Today, I share with you a story that instills grace, discipline, advocation, and hope! Today’s DH post is about Aesha Ash, retired New York City Ballerina, and current founder of The Swan Dreams Project. It’s nice on a day like today, after such a tragic TV crew shooting, to read up on someone who is famed for making a positive impact in our world. So read up on something positive today. . .
By: Aesha Ash
One of my goals, even before beginning a professional ballet career, has always been to change the demoralized, objectified and caricatured images of African-American women and girls. My desire is to show the world, all while reminding ourselves, that we too can command poise, grace, elegance and beauty-we too can be beautiful swans. As a professional ballet dancer, I used my passion as a vehicle to spread this message as far and wide as possible. Like many others may have experienced, the need for such positive self-imagery amongst young African American women is greatly needed. A need which also transcends ballet. Take the NY Times article where televesion critic Alessandra Stanely mentioned how actress Viola Davis didn’t fit a ‘classically beautiful’ image. Not only the ballet world, but society in general has a difficult time viewing most women of color in a classical light.
Upon retiring, I was saddened that I could no longer try to make a difference in the way women of color are viewed through my active participation with a ballet company. There was this heaviness and void that I carried with me until after my first child, a girl, was born. I began to look back on my career and feel that I had unfinished business. Business that I felt was important to take care of, not only for myself, but for my daughter. I began to think about ways in which I could continue to spread a more positive image and change the perspective of how African-American women are viewed in society and in media. I was quickly reminded of a photo that inspired me throughout my training at the School of American Ballet. It was a photo of then African-American dancer Andrea Long (now Andrea Long -Naidu). At the time Andrea was a dancer with NYCB and the photo was from her years as a student in the school. This image was so inspiring to me, as she was the only dancer of color in the photo. It was a powerful remider that becoming a ballerina was indeed possible. Whenever I felt downcast and alone, I would look at this image and immediately find the strength to carry on. Thinking back on those moments, I realized right then and there that I had to use photography. Thus began my creation of The Swan Dreams Project.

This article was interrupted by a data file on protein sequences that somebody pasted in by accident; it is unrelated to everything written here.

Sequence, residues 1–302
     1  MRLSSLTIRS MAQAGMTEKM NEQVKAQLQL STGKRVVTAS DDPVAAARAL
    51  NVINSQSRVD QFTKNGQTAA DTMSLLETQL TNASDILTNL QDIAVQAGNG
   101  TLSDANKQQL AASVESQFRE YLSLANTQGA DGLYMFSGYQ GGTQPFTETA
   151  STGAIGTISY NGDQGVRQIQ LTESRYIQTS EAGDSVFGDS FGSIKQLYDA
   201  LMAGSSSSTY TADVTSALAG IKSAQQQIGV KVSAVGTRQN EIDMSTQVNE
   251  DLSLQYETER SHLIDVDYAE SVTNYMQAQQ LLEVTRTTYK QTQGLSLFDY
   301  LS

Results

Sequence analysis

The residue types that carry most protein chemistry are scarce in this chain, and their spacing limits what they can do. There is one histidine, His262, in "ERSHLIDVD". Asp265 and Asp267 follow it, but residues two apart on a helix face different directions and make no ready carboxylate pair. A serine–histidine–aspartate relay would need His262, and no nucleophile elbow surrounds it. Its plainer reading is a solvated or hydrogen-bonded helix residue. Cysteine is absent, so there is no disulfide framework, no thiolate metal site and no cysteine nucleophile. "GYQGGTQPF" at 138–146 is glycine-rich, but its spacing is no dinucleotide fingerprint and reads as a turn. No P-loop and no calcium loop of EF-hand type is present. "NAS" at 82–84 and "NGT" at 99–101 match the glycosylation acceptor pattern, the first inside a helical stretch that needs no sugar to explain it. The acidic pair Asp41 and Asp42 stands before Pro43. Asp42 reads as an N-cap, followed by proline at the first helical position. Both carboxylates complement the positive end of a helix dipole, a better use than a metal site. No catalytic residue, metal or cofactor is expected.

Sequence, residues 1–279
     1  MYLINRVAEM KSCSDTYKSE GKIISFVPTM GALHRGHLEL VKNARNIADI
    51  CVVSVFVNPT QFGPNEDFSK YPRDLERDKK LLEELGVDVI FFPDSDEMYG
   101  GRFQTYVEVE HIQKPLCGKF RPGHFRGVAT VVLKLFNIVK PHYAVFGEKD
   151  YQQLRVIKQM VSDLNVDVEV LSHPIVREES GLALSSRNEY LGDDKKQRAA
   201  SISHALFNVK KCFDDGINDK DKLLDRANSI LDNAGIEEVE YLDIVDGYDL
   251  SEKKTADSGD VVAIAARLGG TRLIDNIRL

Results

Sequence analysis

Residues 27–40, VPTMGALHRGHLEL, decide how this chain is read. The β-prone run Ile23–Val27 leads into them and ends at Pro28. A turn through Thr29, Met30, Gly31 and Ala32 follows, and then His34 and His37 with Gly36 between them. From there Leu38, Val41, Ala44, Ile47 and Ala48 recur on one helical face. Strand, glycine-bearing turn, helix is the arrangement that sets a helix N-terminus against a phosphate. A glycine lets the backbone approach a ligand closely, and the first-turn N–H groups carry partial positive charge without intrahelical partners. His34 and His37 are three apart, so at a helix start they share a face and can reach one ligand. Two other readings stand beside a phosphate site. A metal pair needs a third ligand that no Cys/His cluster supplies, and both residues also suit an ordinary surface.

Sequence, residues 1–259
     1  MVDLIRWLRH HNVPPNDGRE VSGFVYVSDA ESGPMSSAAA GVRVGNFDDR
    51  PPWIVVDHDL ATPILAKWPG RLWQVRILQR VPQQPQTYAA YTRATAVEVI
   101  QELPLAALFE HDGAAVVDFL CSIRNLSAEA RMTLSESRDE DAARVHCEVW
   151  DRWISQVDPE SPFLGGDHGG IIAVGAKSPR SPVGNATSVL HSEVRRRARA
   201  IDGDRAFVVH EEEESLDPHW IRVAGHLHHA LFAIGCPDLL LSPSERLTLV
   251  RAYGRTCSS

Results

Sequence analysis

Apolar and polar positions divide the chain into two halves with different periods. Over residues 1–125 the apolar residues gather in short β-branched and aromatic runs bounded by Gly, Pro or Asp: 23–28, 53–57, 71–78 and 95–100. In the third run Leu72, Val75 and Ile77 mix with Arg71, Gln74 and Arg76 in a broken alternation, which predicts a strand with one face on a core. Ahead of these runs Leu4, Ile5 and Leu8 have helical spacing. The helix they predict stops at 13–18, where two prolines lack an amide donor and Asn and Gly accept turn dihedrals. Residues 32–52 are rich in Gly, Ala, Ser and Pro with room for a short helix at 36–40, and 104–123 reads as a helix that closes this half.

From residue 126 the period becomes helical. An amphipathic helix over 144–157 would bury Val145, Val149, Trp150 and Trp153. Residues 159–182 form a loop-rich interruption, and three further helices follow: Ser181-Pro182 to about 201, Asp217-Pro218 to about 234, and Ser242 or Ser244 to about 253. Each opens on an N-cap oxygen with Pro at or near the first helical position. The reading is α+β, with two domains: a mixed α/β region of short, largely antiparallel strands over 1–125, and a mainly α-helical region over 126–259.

Through the use of imagery and my career as a ballet dancer, I want to help change the demoralized, objectified and caricatured images of African-American women. I also hope to promote greater involvement and increase patronage to this beautiful art form.
How can you help?
By purchasing an image you are helping to spread not only the message of The Swan Dreams Project, which is one of hope and possibilities, but you are utilizing the power of imagery to inspire. Pulitzer Prize winner, Eddie Adams, whose photograph helped change Americans attitudes towards the Vietnam War once wrote, “still photographs are the most powerful weapon in the world.” For myself, it was an image of Andrea Long-Naidu on the wall of The School of American Ballet that empowered me as a young aspiring ballerina. Images do indeed have power, and what we don’t see sends as powerful a message as what we do.
I hope these images will stand as a reminder that all things are possible. Beauty and grace are not limited by race or status—they are boundless, limitless.